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How a 1987 Joint Venture Might Have Changed Digital Printing History

In this WhatTheyThink exclusive, Senior Editor Cary Sherburne tells the story of DX Imaging, a DuPont/Xerox joint venture founded in 1987, that might have changed printing history.

By Cary Sherburne
Published: April 20, 2012

At Dscoop7, I ran into an old friend of mine, Bob Raus, now working for HP as the Americas Category Manager for HP SmartStream Workflow and Solution Partner Programs. He shared this great story with me and I thought our readers would enjoy it.

The story really starts today and loops us back to 1987 with a series of serendipitous events. Shai Lior, long-time HP Indigo employee, was recently appointed as an HP Fellow, one of only a handful of people that have achieved that recognition and the first from HP Indigo. Bob Raus sent Lior a congratulatory note and learned that they had both been affiliated with DX Imaging, a DuPont/Xerox joint venture, back in the late 1980s—Raus as a new college graduate and Lior as the technical liaison to DX Imaging from 1987 to 1991. So what was DX Imaging?

Comprised of nearly300 DuPont, Xerox and new hire employees, DX Imaging was a DuPont/Xerox joint venture that existed from 1987-1991.  The company was formed to create an Electrostatic Master Proofing (EMP) offset proof press utilizing electrostatic imaging and liquid-ink technology based upon technology developed by Benny Landa.  This same technology is the foundation of HP Indigo digital printing presses today. Keep in mind that this occurred six years before Landa announced the Indigo press at IPEX 1993.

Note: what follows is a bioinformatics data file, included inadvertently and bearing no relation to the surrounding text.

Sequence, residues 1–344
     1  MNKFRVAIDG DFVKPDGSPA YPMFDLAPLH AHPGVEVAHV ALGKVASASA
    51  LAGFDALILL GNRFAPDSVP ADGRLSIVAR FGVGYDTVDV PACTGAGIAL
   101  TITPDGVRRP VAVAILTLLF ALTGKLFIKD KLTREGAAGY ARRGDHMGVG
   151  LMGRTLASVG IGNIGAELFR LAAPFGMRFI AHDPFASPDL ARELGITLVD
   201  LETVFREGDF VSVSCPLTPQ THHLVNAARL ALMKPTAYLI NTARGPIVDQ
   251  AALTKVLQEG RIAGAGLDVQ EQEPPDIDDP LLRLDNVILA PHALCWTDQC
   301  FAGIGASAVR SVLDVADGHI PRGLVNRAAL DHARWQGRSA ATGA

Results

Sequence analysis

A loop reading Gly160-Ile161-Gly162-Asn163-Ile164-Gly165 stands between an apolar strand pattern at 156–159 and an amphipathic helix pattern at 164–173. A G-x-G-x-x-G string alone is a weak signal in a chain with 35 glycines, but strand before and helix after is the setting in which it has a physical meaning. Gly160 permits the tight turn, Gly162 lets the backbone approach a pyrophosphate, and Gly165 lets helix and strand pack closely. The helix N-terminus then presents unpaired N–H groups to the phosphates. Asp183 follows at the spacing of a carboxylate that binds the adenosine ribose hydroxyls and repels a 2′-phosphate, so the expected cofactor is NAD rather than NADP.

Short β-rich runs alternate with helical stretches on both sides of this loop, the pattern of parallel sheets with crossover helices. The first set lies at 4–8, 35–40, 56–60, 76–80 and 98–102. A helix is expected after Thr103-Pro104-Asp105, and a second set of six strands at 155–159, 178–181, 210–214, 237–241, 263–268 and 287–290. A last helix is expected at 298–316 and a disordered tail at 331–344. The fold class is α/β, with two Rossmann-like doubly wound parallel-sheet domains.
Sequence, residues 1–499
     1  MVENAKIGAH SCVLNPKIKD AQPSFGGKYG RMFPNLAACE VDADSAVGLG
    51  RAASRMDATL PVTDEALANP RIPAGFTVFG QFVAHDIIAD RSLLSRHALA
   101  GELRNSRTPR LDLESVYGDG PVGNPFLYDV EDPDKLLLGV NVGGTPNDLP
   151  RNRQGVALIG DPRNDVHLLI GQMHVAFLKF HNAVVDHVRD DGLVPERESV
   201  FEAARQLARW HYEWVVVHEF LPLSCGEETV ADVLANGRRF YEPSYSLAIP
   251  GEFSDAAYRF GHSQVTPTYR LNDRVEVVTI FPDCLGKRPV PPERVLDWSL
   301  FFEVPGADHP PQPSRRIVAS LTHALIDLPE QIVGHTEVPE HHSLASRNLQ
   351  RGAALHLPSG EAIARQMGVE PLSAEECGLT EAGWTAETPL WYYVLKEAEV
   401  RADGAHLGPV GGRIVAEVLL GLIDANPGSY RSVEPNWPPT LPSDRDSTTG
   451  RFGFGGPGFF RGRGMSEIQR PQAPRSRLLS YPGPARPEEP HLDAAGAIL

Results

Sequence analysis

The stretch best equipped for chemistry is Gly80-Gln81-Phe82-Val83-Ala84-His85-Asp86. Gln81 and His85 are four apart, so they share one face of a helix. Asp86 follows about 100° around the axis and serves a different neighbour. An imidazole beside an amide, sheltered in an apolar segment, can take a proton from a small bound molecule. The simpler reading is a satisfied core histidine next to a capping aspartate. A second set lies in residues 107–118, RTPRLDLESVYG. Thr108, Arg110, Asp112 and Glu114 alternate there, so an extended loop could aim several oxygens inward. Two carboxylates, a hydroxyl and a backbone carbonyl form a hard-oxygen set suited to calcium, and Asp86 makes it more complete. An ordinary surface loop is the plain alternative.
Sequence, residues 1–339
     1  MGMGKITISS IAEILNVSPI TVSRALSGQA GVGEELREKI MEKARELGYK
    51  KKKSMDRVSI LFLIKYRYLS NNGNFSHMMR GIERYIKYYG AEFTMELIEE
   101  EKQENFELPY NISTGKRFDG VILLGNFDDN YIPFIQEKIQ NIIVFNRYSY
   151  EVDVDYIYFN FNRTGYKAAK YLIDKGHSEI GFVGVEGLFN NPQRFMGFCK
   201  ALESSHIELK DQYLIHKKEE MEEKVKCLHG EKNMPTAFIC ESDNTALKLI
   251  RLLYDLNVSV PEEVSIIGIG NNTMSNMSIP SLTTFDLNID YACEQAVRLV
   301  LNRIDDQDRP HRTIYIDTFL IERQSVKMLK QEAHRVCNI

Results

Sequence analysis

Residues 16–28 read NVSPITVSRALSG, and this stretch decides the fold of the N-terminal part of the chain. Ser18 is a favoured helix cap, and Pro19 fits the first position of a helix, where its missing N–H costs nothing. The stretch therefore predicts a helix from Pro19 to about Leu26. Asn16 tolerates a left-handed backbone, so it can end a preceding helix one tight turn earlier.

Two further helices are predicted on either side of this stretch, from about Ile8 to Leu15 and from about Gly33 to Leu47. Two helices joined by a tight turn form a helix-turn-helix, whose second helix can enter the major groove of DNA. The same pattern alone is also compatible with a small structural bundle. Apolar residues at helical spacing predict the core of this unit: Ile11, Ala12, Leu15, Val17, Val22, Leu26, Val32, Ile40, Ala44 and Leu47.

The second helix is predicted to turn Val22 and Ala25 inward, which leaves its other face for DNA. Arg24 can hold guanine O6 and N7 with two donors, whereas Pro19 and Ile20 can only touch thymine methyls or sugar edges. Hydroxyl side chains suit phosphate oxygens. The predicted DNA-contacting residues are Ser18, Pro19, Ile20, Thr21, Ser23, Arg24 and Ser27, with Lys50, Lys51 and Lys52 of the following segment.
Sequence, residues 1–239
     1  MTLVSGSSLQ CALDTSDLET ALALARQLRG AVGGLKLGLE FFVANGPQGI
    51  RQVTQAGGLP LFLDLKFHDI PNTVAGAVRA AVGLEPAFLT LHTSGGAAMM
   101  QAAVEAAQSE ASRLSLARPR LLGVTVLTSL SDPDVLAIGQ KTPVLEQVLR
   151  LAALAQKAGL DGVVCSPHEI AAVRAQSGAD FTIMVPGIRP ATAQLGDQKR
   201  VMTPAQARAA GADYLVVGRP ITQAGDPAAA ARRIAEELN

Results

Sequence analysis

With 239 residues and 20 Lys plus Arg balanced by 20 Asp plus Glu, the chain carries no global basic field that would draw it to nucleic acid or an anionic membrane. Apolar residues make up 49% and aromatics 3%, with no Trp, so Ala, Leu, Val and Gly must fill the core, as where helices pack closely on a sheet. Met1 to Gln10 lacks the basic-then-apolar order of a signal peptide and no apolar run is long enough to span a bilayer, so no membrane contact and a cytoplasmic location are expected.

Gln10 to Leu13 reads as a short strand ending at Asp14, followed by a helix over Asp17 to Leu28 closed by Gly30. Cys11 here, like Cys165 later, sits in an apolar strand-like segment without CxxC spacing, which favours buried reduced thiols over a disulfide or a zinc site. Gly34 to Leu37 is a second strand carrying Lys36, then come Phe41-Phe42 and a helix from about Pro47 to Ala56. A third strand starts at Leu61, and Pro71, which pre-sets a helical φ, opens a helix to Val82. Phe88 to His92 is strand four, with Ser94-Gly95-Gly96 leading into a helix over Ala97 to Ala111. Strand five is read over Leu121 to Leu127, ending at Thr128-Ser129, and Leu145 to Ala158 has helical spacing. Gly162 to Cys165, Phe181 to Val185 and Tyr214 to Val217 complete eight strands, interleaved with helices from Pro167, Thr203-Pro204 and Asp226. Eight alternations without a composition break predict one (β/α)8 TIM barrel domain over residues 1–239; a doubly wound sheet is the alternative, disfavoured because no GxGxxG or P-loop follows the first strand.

The EMP machine developed by DX Imaging produced “proof prints” of offset plate color separations.  Printed within 10 minutes versus several hours on an offset press – and at the equivalent of 2400 dpi - the prints were high quality, accurate, full-color printed proofs of offset jobs.   The proof was typically reviewed and approved by the end-customer (advertising agency, etc.) before a full offset press-run was sent to production. 

What was really amazing is that Raus still has sample prints from the pre-production product, which he and his father (also a DX Imaging employee) have kept over the years (and through five moves!). Bob brought several of the prints to Dscoop7 at the request of HP Indigo GM Alon Bar-Shany. I was able to see these prints, and the quality was absolutely amazing, especially considering their age. They are still vibrant and beautiful, no fading or yellowing or any signs of aging.